Dear Dirty America


Chronic Depression Solved With Vitamin B & Tagore

June 27
19:10 2012
Denver, Colorado


There’s little worse in life than chronic depression. David Foster Wallace described it as the feeling of every single cell in one’s body aching. At least I think he said that, but I don’t have the necessary resources to look up the quote because I’ve marooned myself in a coffee shop in Denver. Am I downtown, or uptown? I don’t even know. But I wound up at Fluid Coffee Bar. The coffee is made well, and Raymond Chandler would be proud. It’s dark, black, brewed right to let the subtle flavors ripple along the tongue and pleasantly smart in the back of the mouth.

This isn’t a coffee shop review, although I have done them. But I loathe it. Every time I try to get creative with a review, the publication turns it down because it doesn’t read like ‘normal’ reviews. I’d even created a very complex 5-star rating system that only I understood. It was heavily weighted on how much I liked the coffee. The atmosphere, service, and overall prices of the shop didn’t dictate so strongly the level of awarded stars.

I started out with depression. Back to it, man! So many people are in the dumps. We’re a disenchanted, soul-sick nation, and we don’t know how to fix it. I don’t either, but I get depressed a lot. I used to take the advice of my favorite cult leader, OSHO, who said to indulge in a bout of depression. Really sink into it. Ride the horrible waves of self-doubt, melancholy, and physical dis-ease.

Most people in this society don’t have time to wallow in their sadness and heartache for two weeks, like OSHO suggests, so then I tried Jiddu Krishnamurti’s suggestion. He said (paraphrasing), If you’re depressed, throw it off at once!

I then dumped OSHO’s ways, and at the first feeling of self-doubt, or that familiar deep ache that builds and creeps upward along the spine and snakes its way into the ears and fills up the cranium, I pictured that depression like a blanket and imagined throwing it off and leaving it behind.

For awhile, it worked. But what happens when that blanket of depression, which feels like it’s draped over your head, starts instead feeling like it’s your skin. Try throwing that off! Impossible. The dull ache and soulful woe prevails.

Just before I left North Dakota to embark on this journey back to my true motherland, Los Angeles, I discovered another way to combat depression. Some of my melancholy had been stemming from dietary issues. I’m a vegetarian. Some days I could qualify as vegan. I wasn’t getting all the B vitamins I should have been. Usually they are absorbed by eating meat.

That dietary dearth was, at first, draining physically and giving me dizzy spells and long bouts of drowsiness. I found a very cheap bottle of all the B vitamins in liquid form for only $4.88. I’m not writing this to do a product review! But this works, if you’re not eating meat. Or, if you are feeling lousy, check with a nutritionist or do your own research. It may very well be a dietary issue. It seems silly and simple. How could I have not thought about what I was eating?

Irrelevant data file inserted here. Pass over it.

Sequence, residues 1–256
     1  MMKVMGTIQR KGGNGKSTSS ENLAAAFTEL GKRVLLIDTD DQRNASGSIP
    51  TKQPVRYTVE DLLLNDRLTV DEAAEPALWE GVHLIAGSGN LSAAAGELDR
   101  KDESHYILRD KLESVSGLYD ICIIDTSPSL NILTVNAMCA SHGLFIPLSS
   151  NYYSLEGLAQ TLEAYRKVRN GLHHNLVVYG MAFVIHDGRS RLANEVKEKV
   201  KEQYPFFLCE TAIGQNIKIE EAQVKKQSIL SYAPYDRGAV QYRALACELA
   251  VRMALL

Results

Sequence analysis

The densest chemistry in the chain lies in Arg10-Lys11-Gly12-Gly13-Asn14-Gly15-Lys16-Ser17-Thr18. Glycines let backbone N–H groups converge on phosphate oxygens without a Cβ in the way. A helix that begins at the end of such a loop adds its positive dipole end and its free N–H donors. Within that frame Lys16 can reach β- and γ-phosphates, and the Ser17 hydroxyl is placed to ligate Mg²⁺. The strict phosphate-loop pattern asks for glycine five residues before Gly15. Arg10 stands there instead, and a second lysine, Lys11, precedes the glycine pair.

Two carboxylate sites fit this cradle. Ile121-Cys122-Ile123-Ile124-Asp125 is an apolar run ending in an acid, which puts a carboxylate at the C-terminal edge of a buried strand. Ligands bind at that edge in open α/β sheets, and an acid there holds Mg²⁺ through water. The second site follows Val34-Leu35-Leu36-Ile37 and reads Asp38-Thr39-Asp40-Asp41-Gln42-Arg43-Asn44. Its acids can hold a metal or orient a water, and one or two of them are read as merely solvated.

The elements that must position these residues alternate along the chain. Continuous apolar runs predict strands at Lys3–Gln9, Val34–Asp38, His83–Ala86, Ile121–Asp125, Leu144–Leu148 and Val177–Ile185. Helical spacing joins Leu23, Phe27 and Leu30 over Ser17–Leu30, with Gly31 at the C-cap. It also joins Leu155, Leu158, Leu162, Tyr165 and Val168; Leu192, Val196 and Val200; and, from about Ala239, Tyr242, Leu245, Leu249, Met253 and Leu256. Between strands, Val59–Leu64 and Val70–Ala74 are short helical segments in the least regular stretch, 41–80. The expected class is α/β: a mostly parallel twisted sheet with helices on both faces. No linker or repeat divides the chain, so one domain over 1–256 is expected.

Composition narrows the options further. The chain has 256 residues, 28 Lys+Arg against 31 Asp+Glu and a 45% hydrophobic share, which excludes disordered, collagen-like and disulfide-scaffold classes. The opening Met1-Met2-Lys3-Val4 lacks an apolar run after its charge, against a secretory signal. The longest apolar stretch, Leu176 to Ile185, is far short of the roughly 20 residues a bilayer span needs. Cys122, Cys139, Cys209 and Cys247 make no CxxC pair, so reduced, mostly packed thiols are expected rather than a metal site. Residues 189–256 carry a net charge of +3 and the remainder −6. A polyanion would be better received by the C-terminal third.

Another short term solution to my depression was reading Gitanjali, written by Rabindranath Tagore. Words don’t often soothe me, unless I’m the one who wrote them, but Tagore had me smiling. From section twelve:

The traveler has to knock at every alien door to come to his own, and one has to wonder through all the outer worlds to reach the innermost shrine at the end.

My eyes strayed far and wide before I shut them and said, “Here art thou!”

The question and the cry, “Oh, where?” melt into the tears of a thousand streams and deluge the world with the flood of the assurance, “I am!”

I’ve never read a more astute, succinct observation that so adequately sums up that all is eternal and within. Tagore doesn’t say the traveler wanders far and wide to find his innermost shrine. He says the innermost shrine, which speaks to only one innermost. A solid core. When we travel deeply enough inward, we almost comically burst back into infinity.

Which seems antithetical to the notion of individuality and impressive American bootstraps. Once the individual takes his/her individuality far enough, and explores thoroughly enough, the connection to all else begins to reveal itself.

At least that’s been my experience. But could I ever write it or conceive it like Tagore? Not in this lifetime. To wind up this pathetic blog post and get back to life for awhile, I would like to again mention OSHO (if you haven’t looked him up yet, do so. You won’t be disappointed. Google. YouTube.) OSHO talked a lot of each person satisfying his own desires and experiences as a way to calm the inner turmoil and longing. To some, that seems selfish, but only when a person is satisfied and has served his or herself, can they then genuinely love and assist others in a meaningful way.

Maybe everybody already knows this. Or maybe I’m full of shit. Or I’m possibly misinterpreting a very nuanced message. Tell me what you think. I dare you. There’s a comments section. For people who want to disagree.

What does this post have to do with the Car Wreck Series? I’m not sure yet, but it’ll probably hit me while I drive through Utah.


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